By Ahmad Jenkins
It was in the 6th grade I had my most inspiring teacher who helped place in my heart a love for reading and writing, Mrs. Stanton. I loved the way she encouraged, not only myself, but all of my fellow classmates to make reading into more than just an exercise; but the opportunity to use our imaginations to their highest possible extent. What sticks out most for me is one particular project we had reading ‘The Lion, The Witch, and The Wardrobe’.
Each one of us took a turn reading a portion of the book everyday until it was done. We discussed it, and gave our ideas of what might happen next. When we had finished the book, Mrs. Stanton encouraged us to write a story of our own. Using our imaginations much the same way as C. S. Lewis did to come up with our own adventure set down on paper. I enjoyed every moment of it, and when it came time to read it in front of the class … I was too shy. Sure, I put everything I had into the story I created, even drew a picture. Yet, fear kept me from presenting it to my newfound audience.
Mrs. Stanton being understanding, read it for me and when she was done she said something that has always been a part of me: “That was great, you could be a great author one day!”. No matter what job I’ve ever had, or type of career I’ve ever pursued. The passion to write, to express myself by using words we take for granted everyday; and inspire, entertain and inform; started with someone’s acknowledgement that I could do something with my interests when I put my mind to it.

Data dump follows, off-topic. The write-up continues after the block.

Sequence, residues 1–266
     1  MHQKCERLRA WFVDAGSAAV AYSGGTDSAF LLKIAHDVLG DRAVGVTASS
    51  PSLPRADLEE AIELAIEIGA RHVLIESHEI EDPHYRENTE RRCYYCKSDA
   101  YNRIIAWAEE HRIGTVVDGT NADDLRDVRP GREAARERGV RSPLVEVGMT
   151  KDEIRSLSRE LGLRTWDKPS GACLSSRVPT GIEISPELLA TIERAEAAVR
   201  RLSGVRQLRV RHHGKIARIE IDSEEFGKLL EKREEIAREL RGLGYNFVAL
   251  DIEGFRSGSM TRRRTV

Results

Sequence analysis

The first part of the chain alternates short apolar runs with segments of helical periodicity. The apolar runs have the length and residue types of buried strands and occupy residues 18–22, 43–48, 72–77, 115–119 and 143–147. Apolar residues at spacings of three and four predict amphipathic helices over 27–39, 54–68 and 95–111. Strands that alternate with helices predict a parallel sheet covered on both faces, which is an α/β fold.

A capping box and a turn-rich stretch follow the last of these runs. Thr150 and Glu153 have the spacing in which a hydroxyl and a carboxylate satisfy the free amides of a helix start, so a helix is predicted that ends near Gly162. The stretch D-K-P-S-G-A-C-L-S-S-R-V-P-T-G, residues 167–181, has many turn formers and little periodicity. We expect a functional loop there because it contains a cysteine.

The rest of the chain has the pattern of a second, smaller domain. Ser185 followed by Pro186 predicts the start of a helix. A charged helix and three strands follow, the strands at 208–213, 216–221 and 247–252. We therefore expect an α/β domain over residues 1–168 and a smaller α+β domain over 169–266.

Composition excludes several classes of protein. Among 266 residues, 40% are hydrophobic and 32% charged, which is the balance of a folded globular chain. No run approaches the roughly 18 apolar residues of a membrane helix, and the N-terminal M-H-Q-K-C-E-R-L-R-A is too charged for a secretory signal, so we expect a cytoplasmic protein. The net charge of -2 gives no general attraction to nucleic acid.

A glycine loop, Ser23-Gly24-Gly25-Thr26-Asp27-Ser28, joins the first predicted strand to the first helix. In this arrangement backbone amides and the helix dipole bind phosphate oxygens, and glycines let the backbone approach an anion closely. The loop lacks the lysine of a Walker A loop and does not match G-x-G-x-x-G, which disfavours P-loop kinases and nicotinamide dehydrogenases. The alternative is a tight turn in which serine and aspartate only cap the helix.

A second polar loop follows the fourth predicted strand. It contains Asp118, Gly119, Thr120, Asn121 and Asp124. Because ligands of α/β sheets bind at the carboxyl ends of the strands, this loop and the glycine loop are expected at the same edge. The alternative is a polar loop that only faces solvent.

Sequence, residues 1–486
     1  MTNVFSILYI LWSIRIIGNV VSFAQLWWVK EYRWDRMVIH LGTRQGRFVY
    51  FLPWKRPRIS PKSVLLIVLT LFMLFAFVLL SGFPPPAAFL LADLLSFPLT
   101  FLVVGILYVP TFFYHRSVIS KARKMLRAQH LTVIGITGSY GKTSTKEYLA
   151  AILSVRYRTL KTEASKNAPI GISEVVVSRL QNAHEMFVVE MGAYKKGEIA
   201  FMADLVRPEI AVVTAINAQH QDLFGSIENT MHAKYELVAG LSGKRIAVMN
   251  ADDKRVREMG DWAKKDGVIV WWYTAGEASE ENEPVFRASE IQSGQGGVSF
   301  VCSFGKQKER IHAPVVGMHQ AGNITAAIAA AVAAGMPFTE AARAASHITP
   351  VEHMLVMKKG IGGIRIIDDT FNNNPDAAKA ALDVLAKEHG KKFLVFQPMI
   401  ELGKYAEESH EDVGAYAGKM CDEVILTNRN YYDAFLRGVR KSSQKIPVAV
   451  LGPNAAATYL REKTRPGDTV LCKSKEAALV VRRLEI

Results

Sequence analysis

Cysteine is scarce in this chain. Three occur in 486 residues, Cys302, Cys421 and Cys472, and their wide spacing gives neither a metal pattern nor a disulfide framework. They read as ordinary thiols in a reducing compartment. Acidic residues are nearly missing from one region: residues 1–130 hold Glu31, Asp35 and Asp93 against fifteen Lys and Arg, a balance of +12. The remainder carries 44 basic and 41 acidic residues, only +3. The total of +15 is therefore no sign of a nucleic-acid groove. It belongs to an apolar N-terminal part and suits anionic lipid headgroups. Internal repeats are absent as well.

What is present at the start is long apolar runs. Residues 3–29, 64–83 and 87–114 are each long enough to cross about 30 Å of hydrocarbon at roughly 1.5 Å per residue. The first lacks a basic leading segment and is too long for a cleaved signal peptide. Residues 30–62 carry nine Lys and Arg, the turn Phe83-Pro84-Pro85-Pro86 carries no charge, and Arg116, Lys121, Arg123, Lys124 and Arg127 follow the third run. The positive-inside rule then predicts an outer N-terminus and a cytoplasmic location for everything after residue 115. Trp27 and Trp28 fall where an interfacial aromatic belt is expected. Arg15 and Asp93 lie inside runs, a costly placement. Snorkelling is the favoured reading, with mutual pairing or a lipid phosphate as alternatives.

So I guess in a way this is for every writer, parent, educator … You may know a child who has the same interest that brought you to your career field. When they accomplish something they worked hard at. Encourage them by saying: ‘That was a great job you’d make a great author one day.’, (or what have you…) it could be the advice that helps them achieve their dream.